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Intern Emerg Med. 2009 Apr;4(2):137-45. doi: 10.1007/s11739-008-0201-8. Epub 2008 Nov 12.

Emergency reversal of antithrombotic treatment.

Author information

1
Department of Medicine (F-4), Academic Medical Center, University of Amsterdam, Meibergdreef 9, Amsterdam, The Netherlands. m.m.levi@amc.uva.nl

Abstract

The most important adverse effect of antithrombotic treatment is the occurrence of bleeding. In case of serious or even life-threatening bleeding in a patient who uses anticoagulant agents or when a patient on anticoagulants needs to undergo an urgent invasive procedure, anticoagulant treatment can be reversed by various specific strategies. Heparin and heparin derivatives can be counteracted by protamine sulphate, whereas the anticoagulant effect of vitamin K antagonists may be neutralized by administration of vitamin K or prothrombin complex concentrates. The anti-hemostatic effect of aspirin and other anti-platelet strategies can be corrected by the administration of platelet concentrate or desmopressin, if needed. Recently, a new generation of anticoagulants with a greater specificity towards activated coagulation factors has been introduced and most of these agents are presently being evaluated in clinical studies. The new generation anticoagulants include specific inhibitors of factor IIa, factor Xa (including pentasaccharides) and agents that interfere with tissue factor activity. A limitation of this new class of anticoagulants may be the lack of an appropriate strategy to reverse the effect if a bleeding event occurs, although in some cases the administration of recombinant factor VIIa may be an option.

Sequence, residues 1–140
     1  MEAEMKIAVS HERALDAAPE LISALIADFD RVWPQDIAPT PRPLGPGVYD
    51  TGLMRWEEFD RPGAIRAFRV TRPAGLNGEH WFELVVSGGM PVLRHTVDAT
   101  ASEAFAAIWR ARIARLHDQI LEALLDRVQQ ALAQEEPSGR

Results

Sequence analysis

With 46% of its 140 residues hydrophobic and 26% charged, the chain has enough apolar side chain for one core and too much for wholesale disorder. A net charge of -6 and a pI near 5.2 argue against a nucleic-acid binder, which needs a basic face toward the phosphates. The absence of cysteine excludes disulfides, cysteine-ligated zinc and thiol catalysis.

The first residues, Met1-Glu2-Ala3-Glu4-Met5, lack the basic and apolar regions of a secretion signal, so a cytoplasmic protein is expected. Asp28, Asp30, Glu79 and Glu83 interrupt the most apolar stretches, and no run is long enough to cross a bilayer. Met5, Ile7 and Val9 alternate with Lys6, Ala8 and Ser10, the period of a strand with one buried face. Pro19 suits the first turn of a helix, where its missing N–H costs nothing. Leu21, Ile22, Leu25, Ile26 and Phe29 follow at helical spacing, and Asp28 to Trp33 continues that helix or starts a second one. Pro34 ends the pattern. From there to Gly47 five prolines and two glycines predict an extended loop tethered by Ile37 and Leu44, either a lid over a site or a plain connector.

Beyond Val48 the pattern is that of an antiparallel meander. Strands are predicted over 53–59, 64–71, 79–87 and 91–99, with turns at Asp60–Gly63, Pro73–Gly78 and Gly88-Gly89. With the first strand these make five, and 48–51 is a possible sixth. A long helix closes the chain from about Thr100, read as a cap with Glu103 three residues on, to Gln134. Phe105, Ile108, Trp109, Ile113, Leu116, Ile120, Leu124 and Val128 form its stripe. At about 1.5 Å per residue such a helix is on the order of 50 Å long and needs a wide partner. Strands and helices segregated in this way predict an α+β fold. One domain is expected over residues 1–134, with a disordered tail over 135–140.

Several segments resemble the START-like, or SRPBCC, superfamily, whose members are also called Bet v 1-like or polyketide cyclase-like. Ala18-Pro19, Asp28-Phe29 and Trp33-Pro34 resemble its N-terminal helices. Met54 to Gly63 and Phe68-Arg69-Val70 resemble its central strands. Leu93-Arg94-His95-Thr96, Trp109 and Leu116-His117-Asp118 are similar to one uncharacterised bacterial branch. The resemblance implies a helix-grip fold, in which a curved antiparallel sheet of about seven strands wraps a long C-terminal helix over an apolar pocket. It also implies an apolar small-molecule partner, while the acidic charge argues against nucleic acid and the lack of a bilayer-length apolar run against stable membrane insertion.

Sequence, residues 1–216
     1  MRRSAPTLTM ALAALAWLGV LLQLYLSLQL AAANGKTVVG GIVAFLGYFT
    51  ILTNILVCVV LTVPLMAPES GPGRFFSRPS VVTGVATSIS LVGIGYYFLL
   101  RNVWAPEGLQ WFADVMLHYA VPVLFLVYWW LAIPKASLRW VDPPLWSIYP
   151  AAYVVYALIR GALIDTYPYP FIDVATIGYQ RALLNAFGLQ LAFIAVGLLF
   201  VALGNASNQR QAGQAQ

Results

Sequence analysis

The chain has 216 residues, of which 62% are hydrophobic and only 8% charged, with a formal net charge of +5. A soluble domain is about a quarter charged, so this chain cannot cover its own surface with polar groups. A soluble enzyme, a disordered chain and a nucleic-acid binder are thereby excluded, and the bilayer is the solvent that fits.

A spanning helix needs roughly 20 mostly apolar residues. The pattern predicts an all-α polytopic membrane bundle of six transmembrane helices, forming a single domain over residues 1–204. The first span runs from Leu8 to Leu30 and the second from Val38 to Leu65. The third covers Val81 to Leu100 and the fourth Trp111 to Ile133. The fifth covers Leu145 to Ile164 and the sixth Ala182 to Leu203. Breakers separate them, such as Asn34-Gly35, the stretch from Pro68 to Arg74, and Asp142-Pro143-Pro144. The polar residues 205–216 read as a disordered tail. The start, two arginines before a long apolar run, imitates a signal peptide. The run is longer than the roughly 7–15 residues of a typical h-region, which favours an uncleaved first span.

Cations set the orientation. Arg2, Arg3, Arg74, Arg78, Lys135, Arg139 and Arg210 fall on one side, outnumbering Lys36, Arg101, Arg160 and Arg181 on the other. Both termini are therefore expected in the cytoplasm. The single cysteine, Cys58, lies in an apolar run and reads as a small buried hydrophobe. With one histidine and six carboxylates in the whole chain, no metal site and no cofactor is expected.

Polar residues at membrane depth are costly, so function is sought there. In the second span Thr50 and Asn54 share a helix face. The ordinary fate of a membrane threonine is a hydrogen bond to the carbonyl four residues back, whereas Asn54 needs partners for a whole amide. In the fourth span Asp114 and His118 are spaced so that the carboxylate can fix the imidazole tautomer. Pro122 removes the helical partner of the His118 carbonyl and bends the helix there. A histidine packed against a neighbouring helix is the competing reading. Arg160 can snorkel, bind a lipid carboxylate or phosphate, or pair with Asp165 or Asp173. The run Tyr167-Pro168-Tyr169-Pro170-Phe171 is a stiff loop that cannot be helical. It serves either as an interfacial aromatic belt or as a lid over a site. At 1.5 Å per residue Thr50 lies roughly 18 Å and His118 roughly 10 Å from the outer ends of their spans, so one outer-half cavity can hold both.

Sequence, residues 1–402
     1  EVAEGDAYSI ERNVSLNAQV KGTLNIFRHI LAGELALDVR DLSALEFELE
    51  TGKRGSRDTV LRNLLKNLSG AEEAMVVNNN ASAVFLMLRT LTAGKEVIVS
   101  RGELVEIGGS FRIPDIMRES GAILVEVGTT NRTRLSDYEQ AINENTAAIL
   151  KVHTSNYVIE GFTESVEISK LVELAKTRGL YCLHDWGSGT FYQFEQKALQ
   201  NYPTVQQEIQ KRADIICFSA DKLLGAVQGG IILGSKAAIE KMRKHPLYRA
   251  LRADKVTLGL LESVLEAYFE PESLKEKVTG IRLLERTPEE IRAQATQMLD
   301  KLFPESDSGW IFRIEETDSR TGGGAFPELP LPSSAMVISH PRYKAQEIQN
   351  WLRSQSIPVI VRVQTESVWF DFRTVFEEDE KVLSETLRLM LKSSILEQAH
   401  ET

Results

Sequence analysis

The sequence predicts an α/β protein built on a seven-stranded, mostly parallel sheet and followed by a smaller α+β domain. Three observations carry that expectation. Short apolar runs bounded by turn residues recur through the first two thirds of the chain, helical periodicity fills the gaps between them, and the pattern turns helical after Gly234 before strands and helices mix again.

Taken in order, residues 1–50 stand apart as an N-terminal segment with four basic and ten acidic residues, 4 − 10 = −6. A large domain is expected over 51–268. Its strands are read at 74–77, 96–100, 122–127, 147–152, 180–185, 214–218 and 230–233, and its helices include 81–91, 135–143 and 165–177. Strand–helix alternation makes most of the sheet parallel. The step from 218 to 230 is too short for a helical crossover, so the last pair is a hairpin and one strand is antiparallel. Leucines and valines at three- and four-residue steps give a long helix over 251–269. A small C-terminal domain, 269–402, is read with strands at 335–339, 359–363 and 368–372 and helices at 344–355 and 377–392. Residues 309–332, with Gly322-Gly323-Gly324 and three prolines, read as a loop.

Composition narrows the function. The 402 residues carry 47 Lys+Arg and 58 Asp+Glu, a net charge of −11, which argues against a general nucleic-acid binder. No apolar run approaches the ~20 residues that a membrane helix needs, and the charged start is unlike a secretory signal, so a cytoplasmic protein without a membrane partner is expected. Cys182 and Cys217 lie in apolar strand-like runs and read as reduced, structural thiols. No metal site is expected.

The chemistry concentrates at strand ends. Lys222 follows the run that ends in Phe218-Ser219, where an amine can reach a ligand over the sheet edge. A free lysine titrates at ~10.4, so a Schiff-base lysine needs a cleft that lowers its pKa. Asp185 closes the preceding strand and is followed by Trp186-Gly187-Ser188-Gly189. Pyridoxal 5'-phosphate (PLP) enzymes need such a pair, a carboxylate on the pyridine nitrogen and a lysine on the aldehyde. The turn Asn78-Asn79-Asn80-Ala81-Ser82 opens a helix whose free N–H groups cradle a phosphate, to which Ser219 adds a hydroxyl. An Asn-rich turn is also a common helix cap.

PMID:
19002653
DOI:
10.1007/s11739-008-0201-8
[Indexed for MEDLINE]

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